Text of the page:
(b) Legal Tender.--The coins minted under this Act shall be legal
tender, as provided in section 5103 of title 31, United States Code.
(c) Numismatic Items.--For purposes of sections 5134 and 5136 of
title 31, United States Code, all coins minted under this Act shall be
considered to be numismatic items.
SEC. 4. DESIGN OF COINS.
(a) Design Requirements.--
(1) In general.--The design of the coins minted under this
Act shall be emblematic of the bald eagle and its history,
natural biology, and national symbolism.
(2) Designation and inscriptions.--On each coin minted under
this Act there shall be--
(A) a designation of the value of the coin;
(B) an inscription of the year ``2008'' ; and
(C) inscriptions of the words ``Liberty'', ``In God
We Trust'', ``United States of America'', and ``E
(b) Selection.--The design for the coins minted under this Act shall
(1) selected by the Secretary after consultation with the
Commission of Fine Arts, and the American Eagle Foundation of
Tennessee in the United States; and
(2) reviewed by the Citizens Coinage Advisory Committee.
SEC. 5. ISSUANCE OF COINS.
(a) Quality of Coins.--Coins minted under this Act shall be issued
in uncirculated and proof qualities.
(b) Mint Facility.--Only 1 facility of the United States Mint may be
used to strike any particular quality of the coins minted under this
(c) Period for Issuance.--The Secretary may issue coins minted under
this Act only during the 1-year period beginning on January 1, 2008.
SEC. 6. SALE OF COINS.
(a) Sale Price.--The coins issued under this Act shall be sold by
the Secretary at a price equal to the sum of--
[[Page 118 STAT. 3937]]
(1) the face value of the coins;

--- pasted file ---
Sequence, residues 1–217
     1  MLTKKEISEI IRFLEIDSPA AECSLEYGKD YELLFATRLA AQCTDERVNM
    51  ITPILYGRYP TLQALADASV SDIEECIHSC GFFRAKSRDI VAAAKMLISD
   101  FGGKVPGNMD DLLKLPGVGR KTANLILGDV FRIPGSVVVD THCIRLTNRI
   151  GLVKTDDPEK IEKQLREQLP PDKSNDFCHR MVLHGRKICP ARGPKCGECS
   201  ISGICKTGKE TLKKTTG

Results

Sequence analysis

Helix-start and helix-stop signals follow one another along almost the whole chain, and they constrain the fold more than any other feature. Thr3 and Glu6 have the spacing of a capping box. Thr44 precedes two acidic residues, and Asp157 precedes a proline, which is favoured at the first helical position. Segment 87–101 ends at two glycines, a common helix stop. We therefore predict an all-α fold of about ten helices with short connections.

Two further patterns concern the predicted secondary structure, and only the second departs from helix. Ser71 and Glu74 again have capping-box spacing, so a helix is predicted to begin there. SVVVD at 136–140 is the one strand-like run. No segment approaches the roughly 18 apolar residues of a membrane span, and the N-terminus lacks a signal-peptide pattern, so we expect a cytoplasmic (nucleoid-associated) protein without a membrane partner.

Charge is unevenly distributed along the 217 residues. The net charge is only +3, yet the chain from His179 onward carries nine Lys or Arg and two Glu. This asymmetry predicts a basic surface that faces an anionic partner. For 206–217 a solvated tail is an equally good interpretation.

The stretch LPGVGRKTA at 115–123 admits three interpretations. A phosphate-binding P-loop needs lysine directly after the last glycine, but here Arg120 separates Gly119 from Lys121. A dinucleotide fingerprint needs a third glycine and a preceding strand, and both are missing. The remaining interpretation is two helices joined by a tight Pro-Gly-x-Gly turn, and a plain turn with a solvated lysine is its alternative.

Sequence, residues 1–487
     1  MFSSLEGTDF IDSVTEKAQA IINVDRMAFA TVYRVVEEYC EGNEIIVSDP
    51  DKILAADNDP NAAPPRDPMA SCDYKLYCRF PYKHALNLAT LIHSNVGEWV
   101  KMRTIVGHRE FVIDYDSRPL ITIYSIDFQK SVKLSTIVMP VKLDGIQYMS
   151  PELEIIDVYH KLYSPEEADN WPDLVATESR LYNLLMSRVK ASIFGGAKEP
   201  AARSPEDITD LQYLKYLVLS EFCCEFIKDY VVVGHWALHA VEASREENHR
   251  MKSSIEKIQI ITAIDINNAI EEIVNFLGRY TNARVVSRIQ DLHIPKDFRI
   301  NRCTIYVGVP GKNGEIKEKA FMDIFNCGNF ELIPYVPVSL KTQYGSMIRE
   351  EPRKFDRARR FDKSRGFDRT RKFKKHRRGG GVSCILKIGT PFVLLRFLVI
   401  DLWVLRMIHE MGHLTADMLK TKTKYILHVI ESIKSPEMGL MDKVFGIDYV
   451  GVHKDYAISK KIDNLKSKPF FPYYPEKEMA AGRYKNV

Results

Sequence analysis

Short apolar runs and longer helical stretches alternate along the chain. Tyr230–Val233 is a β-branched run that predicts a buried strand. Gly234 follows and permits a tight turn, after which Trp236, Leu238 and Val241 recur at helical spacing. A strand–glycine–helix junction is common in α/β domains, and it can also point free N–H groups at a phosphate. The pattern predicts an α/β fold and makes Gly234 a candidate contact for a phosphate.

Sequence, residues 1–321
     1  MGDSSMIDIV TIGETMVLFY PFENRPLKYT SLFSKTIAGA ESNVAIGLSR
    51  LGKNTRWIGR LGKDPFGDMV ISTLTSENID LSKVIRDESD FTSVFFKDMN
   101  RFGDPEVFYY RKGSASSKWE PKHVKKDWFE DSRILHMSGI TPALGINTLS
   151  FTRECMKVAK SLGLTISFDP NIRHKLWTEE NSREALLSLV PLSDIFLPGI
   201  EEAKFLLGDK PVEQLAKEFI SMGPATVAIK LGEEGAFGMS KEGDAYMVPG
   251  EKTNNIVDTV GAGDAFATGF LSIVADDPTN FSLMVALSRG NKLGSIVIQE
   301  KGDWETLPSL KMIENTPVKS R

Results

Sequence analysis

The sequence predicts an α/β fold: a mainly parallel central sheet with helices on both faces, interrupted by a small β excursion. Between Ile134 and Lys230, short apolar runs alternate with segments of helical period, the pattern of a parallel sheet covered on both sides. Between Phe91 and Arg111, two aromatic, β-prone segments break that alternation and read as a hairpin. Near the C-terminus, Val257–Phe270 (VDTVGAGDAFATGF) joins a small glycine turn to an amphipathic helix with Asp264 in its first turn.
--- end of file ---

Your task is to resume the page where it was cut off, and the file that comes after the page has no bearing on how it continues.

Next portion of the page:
(2) the surcharge provided in section 7(a) with respect to
such coins; and
(3) the cost of designing and issuing the coins (including
labor, materials, dies, use of machinery, overhead expenses,
marketing, and shipping).
(b) Bulk Sales.--The Secretary shall make bulk sales of the coins
issued under this Act at a reasonable discount.
(c) Prepaid Orders.--
(1) In general.--The Secretary shall accept prepaid orders
for the coins minted under this Act before the issuance of such
(2) Discount.--Sale prices with respect to prepaid orders
under paragraph (1) shall be at a reasonable discount.
SEC. 7. SURCHARGES.
(a) In General.--All sales of coins minted under this Act shall
include a surcharge as follows:
(1) A surcharge of $35 per coin for the $5 coin.
(2) A surcharge of $10 per coin for the $1 coin.
(3) A surcharge of $3 per coin for the half dollar coin.
(b) Distribution.--Subject to section 5134(f) of title 31, United
States Code, all surcharges received by the Secretary from the sale of
coins issued under this Act shall be promptly paid by the Secretary to
the American Eagle Foundation of Tennessee in the United States to
further its works.
(c) Audits.--The American Eagle Foundation of Tennessee in the
United States and the American Eagle Fund shall be subject to the audit
requirements of section 5134(f)(2) of title 31, United States Code, with
regard to the amounts received by the Foundation or the Fund under
(d) Limitation.--Notwithstanding subsection (a), no surcharge may be
included with respect to the issuance under this Act of any coin during
a calendar year if, as of the time of such issuance, the issuance of
such coin would result in the number of commemorative coin programs
issued during such year to exceed the annual 2 commemorative coin
program issuance limitation under section 5112(m)(1) of title 31, United
States Code (as in effect on the
[[Page 118 STAT. 3938]]
date of the enactment of this Act). The Secretary of the Treasury may
issue guidance to carry out this subsection.
Approved December 23, 2004.
LEGISLATIVE HISTORY--H.R. 4116:
CONGRESSIONAL RECORD, Vol. 150 (2004):
Dec. 7, considered and passed House.
Dec. 8, considered and passed Senate.